International Tax Review is part of the Delinian Group, Delinian Limited, 8 Bouverie Street, London, EC4Y 8AX, Registered in England & Wales, Company number 00954730
Copyright © Delinian Limited and its affiliated companies 2023

Accessibility | Terms of Use | Privacy Policy | Modern Slavery Statement

Switzerland: Spontaneous exchange of tax rulings

schreiber.jpg

parmentier.jpg

René Schreiber


Veronique Parmentier

Could multinationals, in the future, see their Swiss tax rulings sent to foreign jurisdictions by the Swiss authorities? In 2013 Switzerland signed the Convention on Multilateral Administrative Assistance in Tax Matters (the Convention), which provides for spontaneous exchange of information. In January 2015 the Swiss Federal Council initiated a decree allowing ratification of the Convention and the amendment of the Swiss law on administrative assistance to introduce spontaneous exchange of information into domestic law. A draft decree was submitted to the parliament in June 2015 and first exchanges of information are expected as from January 1 2018. The question remains as to whether these exchanges will also include Swiss advanced tax rulings.

Article 7, paragraph 1 of the Convention lists the cases in which a jurisdiction should spontaneously transmit information to another jurisdiction. The OECD Manual on the implementation of exchange of information for tax purposes provides additional guidance regarding such circumstances. However, none of these documents refer explicitly to tax rulings.

The Swiss Federal Council will issue a decree providing more details regarding the obligations resulting from the Convention, and the tax authorities will issue some practical directives that will take into account the practice in other jurisdictions as well as international standards. Based on the current parliamentary work, this includes the framework being developed by the Forum on Harmful Tax Practices under the BEPS umbrella for the spontaneous exchange of tax rulings.

Therefore, it has to be expected that any tax ruling relating to a cross-border transaction involving movable income, which benefits from a preferential regime and a low effective rate of taxation, would fall under the scope of the new spontaneous exchange of information. It is, at this stage, less clear for other tax rulings. Many current tax rulings including the taxation of mixed companies, holding companies or principal structures will most likely fall into the first category.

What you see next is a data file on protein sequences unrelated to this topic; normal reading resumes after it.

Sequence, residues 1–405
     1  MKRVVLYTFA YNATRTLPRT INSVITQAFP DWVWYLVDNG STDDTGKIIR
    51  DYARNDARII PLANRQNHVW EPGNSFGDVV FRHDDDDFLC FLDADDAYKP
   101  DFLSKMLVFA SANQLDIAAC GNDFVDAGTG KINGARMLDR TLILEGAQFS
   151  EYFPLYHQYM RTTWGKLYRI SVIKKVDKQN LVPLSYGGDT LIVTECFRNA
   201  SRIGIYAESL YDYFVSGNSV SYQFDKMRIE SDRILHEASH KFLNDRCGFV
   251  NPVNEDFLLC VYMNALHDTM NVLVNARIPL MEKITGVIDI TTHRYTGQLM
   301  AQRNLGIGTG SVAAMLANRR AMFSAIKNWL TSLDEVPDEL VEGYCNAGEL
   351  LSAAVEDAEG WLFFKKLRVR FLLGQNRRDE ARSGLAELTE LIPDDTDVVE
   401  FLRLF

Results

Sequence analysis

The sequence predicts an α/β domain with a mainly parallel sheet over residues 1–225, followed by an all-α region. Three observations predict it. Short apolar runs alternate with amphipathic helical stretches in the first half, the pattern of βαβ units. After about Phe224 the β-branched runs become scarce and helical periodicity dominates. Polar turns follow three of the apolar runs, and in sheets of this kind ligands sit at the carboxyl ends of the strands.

René Schreiber (rschreiber@deloitte.ch) and Veronique Parmentier (vparmentier@deloitte.ch)

Deloitte

Tel: +41 58 279 7216 and +41 58 279 7856

Website: www.deloitte.ch

more across site & bottom lb ros

More from across our site

A steady stream of countries has announced steps towards implementing pillar two, but Korea has got there first. Ralph Cunningham finds out what tax executives should do next.
The BEPS Monitoring Group has found a rare point of agreement with business bodies advocating an EU-wide one-stop-shop for compliance under BEFIT.
Former PwC partner Peter-John Collins has been banned from serving as a tax agent in Australia, while Brazil reports its best-ever year of tax collection on record.
Industry groups are concerned about the shift away from the ALP towards formulary apportionment as part of a common consolidated corporate tax base across the EU.
The former tax official in Italy will take up her post in April.
With marked economic disruption matched by a frenetic rate of regulatory upheaval, ITR partnered with Asia’s leading legal minds to navigate the continent’s growing complexity.
Lawmakers seem more reticent than ever to make ambitious tax proposals since the disastrous ‘mini-budget’ last September, but the country needs serious change.
The panel, the only one dedicated to tax at the World Economic Forum, comprised government ministers and other officials.
Colombian Finance Minister José Antonio Ocampo announced preparations for a Latin American tax summit, while the potentially ‘dangerous’ Inflation Reduction Act has come under fire.
The OECD’s two-pillar solution may increase global tax revenue gains by more than $200 billion a year, but pillar one is the key to such gains due to its fundamental changes to taxing rights.